2013-12-03 015

2013-12-03 034

On Friday, we looked at some of the last steep areas we haven’t vistited north of the Middle Fork east of Shirley.  Definitely still have Witts Springs right down to the river there, but there is also a thin- to very thick-bedded unit above it that is probably in the Bloyd.  We saw a fairly recent landslide above the river composed of material from that upper unit.  There was also a good cut and fill channel bed exposed in that unit as well.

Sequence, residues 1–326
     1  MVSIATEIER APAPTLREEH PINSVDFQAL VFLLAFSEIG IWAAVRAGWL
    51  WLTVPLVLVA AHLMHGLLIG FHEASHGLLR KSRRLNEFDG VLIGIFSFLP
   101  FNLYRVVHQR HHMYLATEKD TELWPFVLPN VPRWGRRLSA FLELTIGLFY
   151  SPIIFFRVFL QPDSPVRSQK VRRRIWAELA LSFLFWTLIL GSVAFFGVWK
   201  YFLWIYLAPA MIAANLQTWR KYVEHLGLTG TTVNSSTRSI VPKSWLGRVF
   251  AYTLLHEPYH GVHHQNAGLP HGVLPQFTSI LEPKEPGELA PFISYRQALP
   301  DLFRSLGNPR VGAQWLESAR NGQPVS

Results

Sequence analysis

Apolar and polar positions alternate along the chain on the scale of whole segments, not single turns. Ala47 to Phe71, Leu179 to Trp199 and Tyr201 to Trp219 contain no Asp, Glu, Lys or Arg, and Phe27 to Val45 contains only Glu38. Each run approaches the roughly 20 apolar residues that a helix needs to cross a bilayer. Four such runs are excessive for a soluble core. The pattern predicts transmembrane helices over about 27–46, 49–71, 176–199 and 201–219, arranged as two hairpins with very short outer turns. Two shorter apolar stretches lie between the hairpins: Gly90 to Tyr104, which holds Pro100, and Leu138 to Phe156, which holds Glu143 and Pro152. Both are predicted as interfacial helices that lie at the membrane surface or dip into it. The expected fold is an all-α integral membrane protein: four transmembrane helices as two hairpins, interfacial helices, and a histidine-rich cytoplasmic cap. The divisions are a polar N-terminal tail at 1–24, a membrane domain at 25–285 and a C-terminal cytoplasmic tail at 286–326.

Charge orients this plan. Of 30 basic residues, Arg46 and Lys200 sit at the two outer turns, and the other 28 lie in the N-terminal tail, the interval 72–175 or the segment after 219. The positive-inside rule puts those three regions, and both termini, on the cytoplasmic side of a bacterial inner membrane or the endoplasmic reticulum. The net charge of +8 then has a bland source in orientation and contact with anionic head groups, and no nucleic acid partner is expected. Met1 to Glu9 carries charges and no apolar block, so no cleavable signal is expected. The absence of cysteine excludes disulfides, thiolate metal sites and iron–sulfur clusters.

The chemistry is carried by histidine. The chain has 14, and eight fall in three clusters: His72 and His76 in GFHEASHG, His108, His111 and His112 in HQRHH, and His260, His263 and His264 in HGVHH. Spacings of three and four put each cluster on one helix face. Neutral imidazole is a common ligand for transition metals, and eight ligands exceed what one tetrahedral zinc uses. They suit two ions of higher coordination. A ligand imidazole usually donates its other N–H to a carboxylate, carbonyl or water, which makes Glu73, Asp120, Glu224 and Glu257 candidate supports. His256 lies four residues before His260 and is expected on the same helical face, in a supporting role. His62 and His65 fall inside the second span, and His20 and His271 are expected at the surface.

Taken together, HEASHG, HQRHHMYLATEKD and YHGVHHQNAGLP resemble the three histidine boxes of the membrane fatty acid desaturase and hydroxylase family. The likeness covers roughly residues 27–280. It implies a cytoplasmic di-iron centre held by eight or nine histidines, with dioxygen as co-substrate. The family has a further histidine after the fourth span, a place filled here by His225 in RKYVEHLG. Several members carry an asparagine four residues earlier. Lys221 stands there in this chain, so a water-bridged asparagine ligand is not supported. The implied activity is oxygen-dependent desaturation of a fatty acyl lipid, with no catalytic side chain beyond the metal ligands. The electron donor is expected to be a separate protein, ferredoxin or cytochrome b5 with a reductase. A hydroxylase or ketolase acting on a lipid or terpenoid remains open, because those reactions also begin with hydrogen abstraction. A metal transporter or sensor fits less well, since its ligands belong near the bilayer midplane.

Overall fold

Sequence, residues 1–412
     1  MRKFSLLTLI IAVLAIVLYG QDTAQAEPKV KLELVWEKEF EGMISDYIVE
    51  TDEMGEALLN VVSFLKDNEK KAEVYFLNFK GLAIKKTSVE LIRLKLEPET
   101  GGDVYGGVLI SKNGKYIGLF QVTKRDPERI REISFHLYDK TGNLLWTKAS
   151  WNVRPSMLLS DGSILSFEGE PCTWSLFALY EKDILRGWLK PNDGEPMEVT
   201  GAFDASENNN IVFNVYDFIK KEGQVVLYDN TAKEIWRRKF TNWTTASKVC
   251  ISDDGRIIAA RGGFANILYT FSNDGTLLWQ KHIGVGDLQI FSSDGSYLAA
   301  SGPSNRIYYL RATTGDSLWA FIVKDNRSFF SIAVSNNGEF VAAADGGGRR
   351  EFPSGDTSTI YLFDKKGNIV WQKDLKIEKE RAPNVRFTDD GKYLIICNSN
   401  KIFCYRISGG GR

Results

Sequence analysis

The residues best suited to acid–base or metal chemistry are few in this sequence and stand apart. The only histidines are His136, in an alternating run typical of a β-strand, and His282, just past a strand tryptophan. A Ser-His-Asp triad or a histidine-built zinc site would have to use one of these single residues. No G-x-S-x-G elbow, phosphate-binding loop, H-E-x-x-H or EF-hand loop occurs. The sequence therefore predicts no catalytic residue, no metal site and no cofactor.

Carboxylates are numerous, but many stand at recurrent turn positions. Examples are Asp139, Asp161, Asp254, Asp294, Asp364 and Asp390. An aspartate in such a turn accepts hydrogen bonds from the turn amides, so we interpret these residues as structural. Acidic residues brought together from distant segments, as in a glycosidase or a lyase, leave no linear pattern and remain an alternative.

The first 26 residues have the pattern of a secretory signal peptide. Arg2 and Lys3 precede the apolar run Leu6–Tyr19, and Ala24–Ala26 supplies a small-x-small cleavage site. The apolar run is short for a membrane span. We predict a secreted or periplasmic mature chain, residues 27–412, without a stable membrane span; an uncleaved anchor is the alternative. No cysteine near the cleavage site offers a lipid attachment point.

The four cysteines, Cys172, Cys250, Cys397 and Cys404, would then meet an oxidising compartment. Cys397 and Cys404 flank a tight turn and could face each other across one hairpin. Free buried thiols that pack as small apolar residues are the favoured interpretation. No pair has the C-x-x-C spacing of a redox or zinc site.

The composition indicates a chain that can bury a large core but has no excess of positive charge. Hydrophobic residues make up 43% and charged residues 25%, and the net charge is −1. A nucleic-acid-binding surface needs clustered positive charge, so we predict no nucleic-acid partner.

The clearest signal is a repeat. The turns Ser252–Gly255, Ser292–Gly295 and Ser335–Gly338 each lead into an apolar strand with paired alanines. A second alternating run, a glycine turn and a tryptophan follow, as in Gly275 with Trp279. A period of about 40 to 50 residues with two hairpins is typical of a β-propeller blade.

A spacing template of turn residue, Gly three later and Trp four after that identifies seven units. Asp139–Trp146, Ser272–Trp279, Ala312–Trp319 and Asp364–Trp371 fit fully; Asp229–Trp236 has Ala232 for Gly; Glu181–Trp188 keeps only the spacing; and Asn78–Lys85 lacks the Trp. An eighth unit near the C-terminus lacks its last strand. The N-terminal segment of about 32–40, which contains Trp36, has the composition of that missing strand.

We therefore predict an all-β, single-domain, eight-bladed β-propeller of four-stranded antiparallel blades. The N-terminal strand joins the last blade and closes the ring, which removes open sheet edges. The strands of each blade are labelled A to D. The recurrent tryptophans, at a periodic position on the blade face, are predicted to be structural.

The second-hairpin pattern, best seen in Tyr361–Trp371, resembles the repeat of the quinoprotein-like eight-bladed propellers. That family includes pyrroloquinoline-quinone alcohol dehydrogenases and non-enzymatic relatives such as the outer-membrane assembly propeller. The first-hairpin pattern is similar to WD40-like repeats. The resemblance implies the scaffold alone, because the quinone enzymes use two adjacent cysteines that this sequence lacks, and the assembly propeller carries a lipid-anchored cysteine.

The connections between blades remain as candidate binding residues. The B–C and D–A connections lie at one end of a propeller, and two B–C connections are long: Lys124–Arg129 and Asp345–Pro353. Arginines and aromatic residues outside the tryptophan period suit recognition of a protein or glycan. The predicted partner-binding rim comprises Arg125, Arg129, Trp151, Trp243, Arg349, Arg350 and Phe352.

2013-12-04 0052013-12-04 0142013-12-04 0152013-12-04 020

It was warm enough for the critters to be out again this week.  Just when I thought it was safe to put my foot down anywhere I pleased, I nearly stepped on a moccasin.  That’s him slinking back in his hole.  We also saw a western slimy salamander (plethodon albagula?) under some storm debris, which was subsequently replaced.

2013-12-04 0032013-12-03 046

Hopefully the warm weather holds out, but the forecast says the bottom may drop out on Friday.  We’ll see!

Until next week, see you on the outcrop!